Craig Middle School students celebrate Latin American culture with food, crafts and talk
Day's events follow sixth-grade study of Central and South American countries
Craig — Juan Carlos Alvarez, a sixth-grader at Craig Middle School, was thinking about things students could learn about Mexico on Friday. Juan was among the participants in the school’s Latin American Festival, designed for sixth-grade social studies students.
“They can learn what Mexicans do for food — and how they work on different things,” said Juan, whose family comes from Chihuahua, Mexico. He mentioned clothing and games, and he noted a word game called BASTA! in which players fill out, as quickly as they can, examples of categories such as fruits, colors and objects.
The Latin American Festival, which the middle school has conducted for the past several years, opened the door to the sort of conversation Juan was having. The festival included a session on Central and South American masks, a presentation on Ecuador and neighboring countries, the preparation of various Central and South American foods and a Mayan game — played in the gymnasium — called Pok-ta-Pok.
The festival came on the heels of some classroom study of Central and South America by the sixth-graders.
“We looked at language, religion, sports — and then we had them look at education,” said sixth-grade teacher Kelly-Anne Kirk. She mentioned exports and imports, as well.
On Friday, Kirk said students helped to prepare food for a traditional almuerzo, or lunch, and she pointed to fried plantains and a number of other dishes. Juan brought in flan and chicken quesadillas. Meanwhile, Rosa Gutierrez, mother to student Jordy Valles, was outside carefully preparing flour and corn tortillas.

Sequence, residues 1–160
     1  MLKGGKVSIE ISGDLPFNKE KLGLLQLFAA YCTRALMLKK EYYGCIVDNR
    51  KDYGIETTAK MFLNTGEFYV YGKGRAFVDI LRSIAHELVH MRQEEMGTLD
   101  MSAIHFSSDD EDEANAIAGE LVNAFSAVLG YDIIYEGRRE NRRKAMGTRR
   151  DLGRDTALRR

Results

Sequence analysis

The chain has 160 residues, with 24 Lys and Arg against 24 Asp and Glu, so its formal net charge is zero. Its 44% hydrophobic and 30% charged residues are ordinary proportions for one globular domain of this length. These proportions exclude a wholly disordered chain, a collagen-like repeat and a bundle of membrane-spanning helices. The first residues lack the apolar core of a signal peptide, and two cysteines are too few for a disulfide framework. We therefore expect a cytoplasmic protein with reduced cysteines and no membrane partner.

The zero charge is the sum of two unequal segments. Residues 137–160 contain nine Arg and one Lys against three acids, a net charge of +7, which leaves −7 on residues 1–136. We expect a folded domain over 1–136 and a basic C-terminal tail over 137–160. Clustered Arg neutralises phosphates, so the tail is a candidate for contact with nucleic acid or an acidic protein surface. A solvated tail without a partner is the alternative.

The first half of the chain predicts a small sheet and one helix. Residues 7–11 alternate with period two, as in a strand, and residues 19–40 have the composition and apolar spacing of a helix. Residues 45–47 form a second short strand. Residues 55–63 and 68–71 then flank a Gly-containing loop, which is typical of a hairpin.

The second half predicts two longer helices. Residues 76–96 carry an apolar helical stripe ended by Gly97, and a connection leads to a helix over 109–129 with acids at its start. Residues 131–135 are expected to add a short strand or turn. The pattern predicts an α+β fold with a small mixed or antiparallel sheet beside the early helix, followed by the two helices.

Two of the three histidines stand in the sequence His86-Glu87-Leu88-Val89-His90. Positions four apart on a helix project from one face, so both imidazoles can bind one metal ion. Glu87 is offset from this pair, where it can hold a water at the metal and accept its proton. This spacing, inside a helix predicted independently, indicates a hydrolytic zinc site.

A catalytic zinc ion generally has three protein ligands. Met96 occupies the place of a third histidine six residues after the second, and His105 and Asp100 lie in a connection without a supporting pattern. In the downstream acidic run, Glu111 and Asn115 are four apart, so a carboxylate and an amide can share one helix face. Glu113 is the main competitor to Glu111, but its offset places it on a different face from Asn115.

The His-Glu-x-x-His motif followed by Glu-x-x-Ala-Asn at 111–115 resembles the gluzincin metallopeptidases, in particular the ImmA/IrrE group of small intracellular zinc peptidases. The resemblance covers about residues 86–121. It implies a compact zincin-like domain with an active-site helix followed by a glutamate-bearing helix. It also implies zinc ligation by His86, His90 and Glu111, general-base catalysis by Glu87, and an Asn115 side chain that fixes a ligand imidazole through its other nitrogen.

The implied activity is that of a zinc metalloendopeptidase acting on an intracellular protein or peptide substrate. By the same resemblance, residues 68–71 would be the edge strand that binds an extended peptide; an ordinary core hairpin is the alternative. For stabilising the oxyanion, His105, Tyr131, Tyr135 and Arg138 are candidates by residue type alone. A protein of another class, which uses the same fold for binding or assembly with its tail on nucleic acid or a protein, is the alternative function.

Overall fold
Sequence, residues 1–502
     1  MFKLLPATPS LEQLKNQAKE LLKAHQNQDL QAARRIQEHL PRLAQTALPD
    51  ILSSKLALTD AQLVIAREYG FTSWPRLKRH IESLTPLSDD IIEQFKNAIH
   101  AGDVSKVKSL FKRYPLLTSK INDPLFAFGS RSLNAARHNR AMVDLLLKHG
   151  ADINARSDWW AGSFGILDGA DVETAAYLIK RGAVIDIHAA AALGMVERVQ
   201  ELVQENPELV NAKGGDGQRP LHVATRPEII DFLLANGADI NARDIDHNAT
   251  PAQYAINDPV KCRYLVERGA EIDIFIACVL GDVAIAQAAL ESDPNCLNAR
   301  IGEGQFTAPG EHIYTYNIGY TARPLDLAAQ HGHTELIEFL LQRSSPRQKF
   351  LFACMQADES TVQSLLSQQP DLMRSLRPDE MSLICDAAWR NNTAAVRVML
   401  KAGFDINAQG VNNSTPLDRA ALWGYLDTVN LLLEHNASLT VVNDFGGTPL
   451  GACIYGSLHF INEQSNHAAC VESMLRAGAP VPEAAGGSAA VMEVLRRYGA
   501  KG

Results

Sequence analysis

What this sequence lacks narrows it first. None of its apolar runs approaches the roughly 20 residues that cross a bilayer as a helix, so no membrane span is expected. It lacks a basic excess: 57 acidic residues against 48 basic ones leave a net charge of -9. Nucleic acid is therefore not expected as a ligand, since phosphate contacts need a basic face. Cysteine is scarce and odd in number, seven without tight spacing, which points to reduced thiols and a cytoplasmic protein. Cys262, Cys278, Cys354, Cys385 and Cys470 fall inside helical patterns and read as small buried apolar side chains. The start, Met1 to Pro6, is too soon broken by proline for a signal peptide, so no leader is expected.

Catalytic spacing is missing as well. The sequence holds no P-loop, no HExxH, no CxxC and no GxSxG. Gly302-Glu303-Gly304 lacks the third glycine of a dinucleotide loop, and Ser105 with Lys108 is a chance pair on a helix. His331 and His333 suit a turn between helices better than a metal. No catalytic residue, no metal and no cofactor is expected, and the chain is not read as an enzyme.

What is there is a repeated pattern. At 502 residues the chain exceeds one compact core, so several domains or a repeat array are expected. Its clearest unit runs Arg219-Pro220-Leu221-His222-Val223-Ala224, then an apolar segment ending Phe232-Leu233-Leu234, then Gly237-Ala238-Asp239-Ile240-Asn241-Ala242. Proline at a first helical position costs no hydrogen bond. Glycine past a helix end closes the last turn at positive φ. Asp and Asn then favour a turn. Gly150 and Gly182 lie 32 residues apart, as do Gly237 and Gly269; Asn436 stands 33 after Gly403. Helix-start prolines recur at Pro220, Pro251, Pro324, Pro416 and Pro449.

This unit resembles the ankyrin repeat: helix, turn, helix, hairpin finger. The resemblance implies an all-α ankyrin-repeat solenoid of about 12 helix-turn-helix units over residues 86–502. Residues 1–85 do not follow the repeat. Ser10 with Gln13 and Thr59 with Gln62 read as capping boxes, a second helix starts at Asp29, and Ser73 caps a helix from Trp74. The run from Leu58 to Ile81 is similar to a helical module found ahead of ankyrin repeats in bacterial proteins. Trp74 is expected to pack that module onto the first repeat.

Craig Middle School parents Scott and Kim Patterson, who have traveled extensively in Central and South America, delivered a presentation with photographs that detailed a host of stunning natural images.
Scott Patterson said he talked with students about topics including wildlife, volcanoes and the Mayan ruins.
Sixth-grade English teacher Kadi Wright explained some of the goals of the day’s events.
“They just get a real feeling for how, traditionally, Latin American people do their crafts, their games and their food,” Wright said. She noted that the very concept of making tortillas at home was something new for some students without Latin American roots.
Vicki Blomquist, also a sixth-grade English teacher, said the day — in addition to reinforcing lessons the students are learning in class — lets children with Latin American backgrounds show pride in their cultures.
“The Latin American kids are pretty proud today,” Blomquist said. “It’s nice to showcase those kids.”
And for some students, the day sparked a desire to learn more.
“Out of the whole thing, I’m probably going to travel,” said sixth-grader Emma Knez.
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On a summer morning in southern Idaho, the day breaks early, before 6 a.m. The air is stale, never fully cooled from the heat of the day before.